The Seed Conservation Laboratory (SCL) operates research, storage and support facilities for seed-oriented areas of native Hawaiian plant conservation.
The SCL has an ongoing screening program to determine the longevity characteristics of seeds of native Hawaiian plants, and to find the best species-specific storage conditions. In addition to the longevity and storage research, the SCL also does research on dormancy and germination characteristics of native Hawaiian plant seeds. The SCL's main collaborator in longevity studies is the USDA National Center for Genetic Resources Preservation in Ft. Collins, CO. Most of the dormancy and longevity studies are actually done at the University of Kentucky Department of Biological Sciences. The SCL acts as a local coordinator for the UKY's Hawai`i collaborators.
The SCL operates a working seed bank, similar to a passbook savings account for seed users. Users who want to store seeds for future use can deposit them in the bank, then withdraw them later. The single largest user is the Hawai`i Plant Extinction Prevention Program (PEP). The SCL also acts as a germplasm seed bank, akin to a Noah's Ark or insurance policy for endangered plants. The SCL played a key role in helping to save wiliwili (Erythrina sandwicensis) during the wiliwili gall wasp outbreak in 2005 by storing ~100,00 seeds from all of the main Hawaiian Islands. The Seed Conservation Laboratory currently (July 2012) holds approximately 2,000 accessions, containing 4.5 million seeds.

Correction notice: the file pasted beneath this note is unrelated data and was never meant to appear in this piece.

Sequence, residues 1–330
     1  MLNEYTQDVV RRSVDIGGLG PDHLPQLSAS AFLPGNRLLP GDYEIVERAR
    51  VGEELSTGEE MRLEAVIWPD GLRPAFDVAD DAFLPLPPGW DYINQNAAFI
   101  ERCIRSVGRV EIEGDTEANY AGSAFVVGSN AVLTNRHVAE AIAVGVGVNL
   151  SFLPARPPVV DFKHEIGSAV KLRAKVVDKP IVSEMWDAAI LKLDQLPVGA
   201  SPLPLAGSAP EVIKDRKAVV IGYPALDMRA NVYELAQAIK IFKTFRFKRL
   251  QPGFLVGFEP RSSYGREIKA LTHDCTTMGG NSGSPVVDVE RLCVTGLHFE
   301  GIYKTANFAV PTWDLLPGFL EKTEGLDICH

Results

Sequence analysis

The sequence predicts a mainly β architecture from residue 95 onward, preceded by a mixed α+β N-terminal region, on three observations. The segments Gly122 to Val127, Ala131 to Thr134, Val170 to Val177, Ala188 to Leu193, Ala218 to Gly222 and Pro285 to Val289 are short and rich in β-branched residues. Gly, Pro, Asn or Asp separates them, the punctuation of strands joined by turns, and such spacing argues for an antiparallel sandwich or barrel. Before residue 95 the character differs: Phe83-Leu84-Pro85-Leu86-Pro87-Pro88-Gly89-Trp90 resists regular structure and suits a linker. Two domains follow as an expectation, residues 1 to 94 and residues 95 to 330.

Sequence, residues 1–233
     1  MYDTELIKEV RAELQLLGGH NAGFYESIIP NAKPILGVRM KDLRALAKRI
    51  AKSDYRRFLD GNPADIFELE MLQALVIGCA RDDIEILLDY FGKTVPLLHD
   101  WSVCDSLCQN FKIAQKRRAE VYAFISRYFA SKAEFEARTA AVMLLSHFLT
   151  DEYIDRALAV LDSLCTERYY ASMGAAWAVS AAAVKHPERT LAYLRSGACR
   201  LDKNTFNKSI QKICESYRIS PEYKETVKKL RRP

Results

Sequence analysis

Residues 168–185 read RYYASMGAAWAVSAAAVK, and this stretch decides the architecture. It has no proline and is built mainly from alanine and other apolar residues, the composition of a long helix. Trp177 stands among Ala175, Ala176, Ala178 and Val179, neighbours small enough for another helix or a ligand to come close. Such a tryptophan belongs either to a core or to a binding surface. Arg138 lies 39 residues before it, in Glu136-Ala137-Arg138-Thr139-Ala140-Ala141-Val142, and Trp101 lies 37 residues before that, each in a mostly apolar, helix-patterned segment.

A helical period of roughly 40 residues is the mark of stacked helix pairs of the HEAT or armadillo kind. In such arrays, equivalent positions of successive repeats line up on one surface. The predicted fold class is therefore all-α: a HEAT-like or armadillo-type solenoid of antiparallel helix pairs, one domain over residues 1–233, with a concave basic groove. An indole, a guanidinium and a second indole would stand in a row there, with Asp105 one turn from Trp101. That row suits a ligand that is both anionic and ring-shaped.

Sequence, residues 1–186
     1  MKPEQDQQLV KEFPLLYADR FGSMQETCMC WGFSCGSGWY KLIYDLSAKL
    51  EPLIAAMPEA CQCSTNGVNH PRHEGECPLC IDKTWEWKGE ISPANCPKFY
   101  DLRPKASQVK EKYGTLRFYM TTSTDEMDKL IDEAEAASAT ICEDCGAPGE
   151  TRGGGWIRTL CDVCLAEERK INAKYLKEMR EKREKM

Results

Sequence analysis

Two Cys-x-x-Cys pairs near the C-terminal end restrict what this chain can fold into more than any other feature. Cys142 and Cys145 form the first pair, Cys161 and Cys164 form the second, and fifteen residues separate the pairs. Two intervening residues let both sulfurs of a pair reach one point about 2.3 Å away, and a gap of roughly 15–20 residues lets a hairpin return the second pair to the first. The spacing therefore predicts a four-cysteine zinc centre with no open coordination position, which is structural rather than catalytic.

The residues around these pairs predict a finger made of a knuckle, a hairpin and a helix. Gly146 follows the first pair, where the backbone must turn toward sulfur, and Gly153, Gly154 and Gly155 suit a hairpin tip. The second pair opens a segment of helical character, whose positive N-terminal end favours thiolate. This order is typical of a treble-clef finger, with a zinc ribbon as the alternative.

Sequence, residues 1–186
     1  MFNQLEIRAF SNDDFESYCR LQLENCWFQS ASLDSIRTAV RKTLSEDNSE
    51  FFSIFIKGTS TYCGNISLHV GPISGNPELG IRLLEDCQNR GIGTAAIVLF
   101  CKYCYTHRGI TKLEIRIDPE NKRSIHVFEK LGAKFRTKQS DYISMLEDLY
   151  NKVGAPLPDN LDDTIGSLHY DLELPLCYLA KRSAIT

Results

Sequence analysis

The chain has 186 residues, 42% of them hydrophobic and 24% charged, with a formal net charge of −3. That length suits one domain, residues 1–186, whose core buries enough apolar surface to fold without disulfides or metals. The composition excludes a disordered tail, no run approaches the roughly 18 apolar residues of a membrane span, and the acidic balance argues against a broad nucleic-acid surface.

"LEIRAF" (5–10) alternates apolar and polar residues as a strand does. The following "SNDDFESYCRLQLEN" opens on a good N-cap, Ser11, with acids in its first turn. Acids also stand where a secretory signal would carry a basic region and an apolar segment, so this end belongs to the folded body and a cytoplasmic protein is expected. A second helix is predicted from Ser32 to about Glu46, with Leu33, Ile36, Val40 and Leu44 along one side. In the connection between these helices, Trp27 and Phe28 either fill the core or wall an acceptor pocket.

The SCL began in 1992 as a joint venture between Lyon Arboretum and the University of Hawai`i Center for Conservation Research and Training. The original purpose of the collaboration was to begin a restoration ecology program on the Arboretum grounds. In 1995, the laboratory began research to develop methods for storage of native plant seeds. In 1998, the Secretariat for Conservation Biology (now the HI Conservation Alliance) funded the lab's studies, leading in 2001 to the production of an on-line native plant seed storage manual. In 2000, with help of grants from the US Army Natural Resources Program and the HI State Department of Land and Natural Resources, the lab started a seed bank to conserve seeds of native Hawaiian plants. The seed bank has since become an important part of Hawaiian plant conservation programs.